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Evidence of elusive ion source in space.

Evidence of elusive ion source in space

In a 1954 book about the formation of planetary systems, Hannes Alfven hypothesized that gas atoms having no electric charge can ionize -- acquire an electric charge -- by simply speeding through space. Ionized clouds formed by material ejected from a satellite last month now provide the strongest evidence yet for Alfven's much-sought phenomenon.

The Swedish physicist suggested that as an atom in space passes through a magnetic field, it can ionize -- provided its speed across a magnetic field "line" produces more than enough kinetic energy to strip an electron off the atom. (Stripping off one or more electrons produces a positively charged ion.) Alfven termed the required speed an atom's "critical ionization velocity" (CIV).

When ionized, gas atoms glow, rendering them visible not only to instruments on the ground and in aircraft, but also, in large numbers, to the naked eye. Unlike electrically neutral atoms, ions are susceptible to capture by Earth's magnetic field and by electric fields in space. Scientists studied the ionization of neutral atoms in space (usually by sunlight) several times during the 1980s. They used gas clouds ejected from sounding rockets -- most often as a way to probe the structure of these fields.

But a few tests were conducted expressly to test the phenomenon of critical ionization velocity. Researchers released powdered metals from rockets. Heat from the detonation of explosive charges provided the energy needed both to vaporize the ejected metals into a gas and to accelerate those gases beyond the critical ionization velocity. However, because the explosives' heat might also have induced some ionization, no one ever established how much, if any, of the ionization observed resulted from the proposed process.

Though many sounding rockets propel their clouds of neutral gas into sunlight, because sunlight quickly ionizes the neutral atoms, the rocket-launched CIV experiments attempted to limit ionization from such alternative sources by dispersing their gas clouds into darkness.

Two scientists from the University of Alaska in Fairbanks have for the first time conducted CIV-ionization experiments from an Earth-orbiting satellite. The results now indicate fairly conclusively that Alfven's CIV effect indeed exists, according to Eugene M. Wescott and Hans C. Stenbaek-Nielsen, who directed the tests.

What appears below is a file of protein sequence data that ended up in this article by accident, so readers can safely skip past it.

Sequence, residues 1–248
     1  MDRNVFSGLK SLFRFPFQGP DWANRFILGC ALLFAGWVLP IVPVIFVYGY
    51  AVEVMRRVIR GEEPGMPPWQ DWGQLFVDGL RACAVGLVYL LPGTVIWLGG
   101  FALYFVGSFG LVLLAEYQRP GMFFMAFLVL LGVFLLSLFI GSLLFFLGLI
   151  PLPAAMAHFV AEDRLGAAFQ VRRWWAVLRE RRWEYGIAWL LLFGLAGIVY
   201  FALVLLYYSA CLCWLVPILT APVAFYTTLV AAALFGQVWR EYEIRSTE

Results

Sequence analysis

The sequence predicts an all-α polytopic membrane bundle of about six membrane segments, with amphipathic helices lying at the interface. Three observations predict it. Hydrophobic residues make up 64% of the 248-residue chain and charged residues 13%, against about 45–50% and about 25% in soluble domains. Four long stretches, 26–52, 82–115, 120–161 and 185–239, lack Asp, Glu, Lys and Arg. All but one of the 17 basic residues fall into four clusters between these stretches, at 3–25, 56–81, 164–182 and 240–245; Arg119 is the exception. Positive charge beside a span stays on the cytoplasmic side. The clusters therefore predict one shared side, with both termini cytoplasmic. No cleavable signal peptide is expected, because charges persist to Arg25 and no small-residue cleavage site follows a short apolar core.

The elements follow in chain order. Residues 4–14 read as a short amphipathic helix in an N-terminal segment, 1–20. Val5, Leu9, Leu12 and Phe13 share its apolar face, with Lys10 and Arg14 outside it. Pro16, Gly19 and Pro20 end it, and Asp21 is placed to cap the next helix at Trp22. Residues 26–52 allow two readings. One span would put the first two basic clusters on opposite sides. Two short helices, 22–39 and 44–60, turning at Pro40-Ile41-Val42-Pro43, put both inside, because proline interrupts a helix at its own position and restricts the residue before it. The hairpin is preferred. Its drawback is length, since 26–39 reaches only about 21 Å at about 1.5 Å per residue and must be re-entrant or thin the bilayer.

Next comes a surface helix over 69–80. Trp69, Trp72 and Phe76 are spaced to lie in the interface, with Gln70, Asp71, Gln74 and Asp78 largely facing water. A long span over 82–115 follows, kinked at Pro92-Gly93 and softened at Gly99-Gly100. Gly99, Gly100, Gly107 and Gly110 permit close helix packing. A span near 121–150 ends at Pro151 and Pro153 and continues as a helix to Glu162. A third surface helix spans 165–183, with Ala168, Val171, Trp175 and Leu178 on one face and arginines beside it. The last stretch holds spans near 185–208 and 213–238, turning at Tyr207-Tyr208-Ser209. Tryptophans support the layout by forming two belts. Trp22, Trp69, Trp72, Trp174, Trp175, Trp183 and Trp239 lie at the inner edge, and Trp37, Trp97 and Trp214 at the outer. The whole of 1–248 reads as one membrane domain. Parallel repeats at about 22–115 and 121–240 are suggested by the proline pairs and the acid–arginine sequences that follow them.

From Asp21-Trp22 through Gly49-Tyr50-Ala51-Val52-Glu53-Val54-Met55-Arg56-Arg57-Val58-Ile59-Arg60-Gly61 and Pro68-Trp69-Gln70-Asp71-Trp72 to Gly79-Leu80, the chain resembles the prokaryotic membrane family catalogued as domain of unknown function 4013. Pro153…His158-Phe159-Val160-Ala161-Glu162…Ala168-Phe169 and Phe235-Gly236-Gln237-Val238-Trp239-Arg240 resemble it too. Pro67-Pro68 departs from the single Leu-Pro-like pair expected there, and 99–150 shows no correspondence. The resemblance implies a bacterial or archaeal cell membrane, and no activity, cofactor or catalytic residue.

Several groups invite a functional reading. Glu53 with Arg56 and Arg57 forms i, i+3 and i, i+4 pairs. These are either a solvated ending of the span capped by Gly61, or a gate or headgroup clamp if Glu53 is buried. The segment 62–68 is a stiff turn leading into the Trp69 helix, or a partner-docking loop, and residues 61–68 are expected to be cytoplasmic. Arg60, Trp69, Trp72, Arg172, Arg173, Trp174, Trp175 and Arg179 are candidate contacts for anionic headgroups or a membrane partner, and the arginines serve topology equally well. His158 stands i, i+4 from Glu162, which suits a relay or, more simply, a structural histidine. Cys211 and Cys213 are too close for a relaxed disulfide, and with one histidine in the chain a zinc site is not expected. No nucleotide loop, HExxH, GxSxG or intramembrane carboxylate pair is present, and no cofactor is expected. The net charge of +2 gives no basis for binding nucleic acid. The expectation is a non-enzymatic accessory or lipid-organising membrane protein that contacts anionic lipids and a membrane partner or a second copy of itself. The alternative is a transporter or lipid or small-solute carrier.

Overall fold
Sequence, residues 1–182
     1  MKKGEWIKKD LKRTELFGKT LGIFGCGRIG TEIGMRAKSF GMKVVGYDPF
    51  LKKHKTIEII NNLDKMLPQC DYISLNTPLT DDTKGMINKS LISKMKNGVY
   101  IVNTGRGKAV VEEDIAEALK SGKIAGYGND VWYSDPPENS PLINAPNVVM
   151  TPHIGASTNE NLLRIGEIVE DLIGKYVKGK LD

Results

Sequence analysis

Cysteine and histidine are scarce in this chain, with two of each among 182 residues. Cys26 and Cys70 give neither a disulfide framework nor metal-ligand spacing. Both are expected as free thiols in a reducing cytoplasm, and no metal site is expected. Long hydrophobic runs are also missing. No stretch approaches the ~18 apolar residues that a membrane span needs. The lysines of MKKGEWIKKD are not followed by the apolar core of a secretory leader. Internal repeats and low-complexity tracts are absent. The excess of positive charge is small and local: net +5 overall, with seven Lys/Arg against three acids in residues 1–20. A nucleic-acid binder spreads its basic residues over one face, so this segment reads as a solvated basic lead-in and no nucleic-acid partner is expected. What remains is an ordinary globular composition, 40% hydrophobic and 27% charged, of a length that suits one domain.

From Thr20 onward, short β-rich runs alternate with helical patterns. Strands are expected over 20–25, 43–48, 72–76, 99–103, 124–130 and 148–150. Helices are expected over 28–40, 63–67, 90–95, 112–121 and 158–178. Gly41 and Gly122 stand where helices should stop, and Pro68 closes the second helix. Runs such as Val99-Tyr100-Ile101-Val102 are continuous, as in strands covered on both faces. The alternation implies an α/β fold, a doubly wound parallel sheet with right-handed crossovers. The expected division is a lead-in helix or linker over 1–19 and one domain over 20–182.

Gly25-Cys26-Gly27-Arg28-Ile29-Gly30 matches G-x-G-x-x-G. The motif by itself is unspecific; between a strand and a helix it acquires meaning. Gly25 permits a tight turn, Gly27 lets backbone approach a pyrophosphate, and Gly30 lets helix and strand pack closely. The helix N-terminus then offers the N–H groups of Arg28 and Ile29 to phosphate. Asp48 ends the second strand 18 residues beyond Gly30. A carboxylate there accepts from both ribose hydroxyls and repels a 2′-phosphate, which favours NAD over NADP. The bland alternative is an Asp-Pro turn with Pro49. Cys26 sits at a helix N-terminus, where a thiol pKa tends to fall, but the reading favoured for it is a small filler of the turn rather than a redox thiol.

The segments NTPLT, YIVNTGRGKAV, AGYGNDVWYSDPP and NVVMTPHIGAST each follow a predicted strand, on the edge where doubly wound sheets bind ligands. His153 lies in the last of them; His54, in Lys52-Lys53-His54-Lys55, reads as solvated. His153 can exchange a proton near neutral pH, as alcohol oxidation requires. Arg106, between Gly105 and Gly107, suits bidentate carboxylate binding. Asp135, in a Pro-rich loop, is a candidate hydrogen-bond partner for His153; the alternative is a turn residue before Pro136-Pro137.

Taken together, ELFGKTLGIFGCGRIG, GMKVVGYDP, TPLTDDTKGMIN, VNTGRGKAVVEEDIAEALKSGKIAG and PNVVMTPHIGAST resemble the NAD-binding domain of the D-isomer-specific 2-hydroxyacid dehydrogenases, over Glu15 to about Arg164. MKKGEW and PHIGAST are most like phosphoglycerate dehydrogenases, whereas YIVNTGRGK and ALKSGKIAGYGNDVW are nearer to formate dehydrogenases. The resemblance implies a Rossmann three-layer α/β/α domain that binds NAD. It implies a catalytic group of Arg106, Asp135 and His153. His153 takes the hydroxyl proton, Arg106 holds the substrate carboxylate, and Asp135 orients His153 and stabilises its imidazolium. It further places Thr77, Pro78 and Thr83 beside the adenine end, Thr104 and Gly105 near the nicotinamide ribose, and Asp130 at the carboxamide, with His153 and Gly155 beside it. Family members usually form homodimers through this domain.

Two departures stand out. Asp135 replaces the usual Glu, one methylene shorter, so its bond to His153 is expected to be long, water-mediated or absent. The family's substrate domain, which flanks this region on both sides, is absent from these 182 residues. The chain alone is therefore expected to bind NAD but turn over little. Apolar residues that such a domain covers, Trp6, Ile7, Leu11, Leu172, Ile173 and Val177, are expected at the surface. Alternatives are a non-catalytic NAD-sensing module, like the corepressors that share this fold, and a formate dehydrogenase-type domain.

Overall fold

Four canisters of powdered metal for their tests were carried into space aboard the Combined Release and Radiation Effects Satellite (CRRES), launched July 25. As in the sounding-rocket tests, barium, calcium and strontium powders were chosen for their ability to glow at visible wavelengths when ionized.

On Sept. 10, the researchers released canisters of strontium and barium; on Sept. 14, two more with calcium and barium. Each canister was propelled into space by a spring. About 20 minutes later, its powder was vaporized with explosives.

The gases were ejected from the canister when the satellite was in the fastest segment of its orbit, speeding at about 9.5 kilometers per second -- well in excess of the CIV for all three metals studied, Wescott observes. He and Stenbaek-Nielsen timed each canister's release so that its gas molecules were ejected in darkness. Free from any solar-induced effect, any glow recorded was probably due to Alfven's CIV effect, the researchers reasoned.

CRRES program scientist David Reasoner of NASA's Marshall Space Flight Center in Huntsville, Ala., is enthusiastic about the results but cautions that scientists may yet discover other explanations -- such as collisions with oxygen atoms in Earth's upper atmosphere. Wescott, Stenbaek-Nielsen and others are beginning detailed analyses of the CRRES data for evidence of non-CIV-initiated ionizations.
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Publication:Science News
Date:Oct 27, 1990
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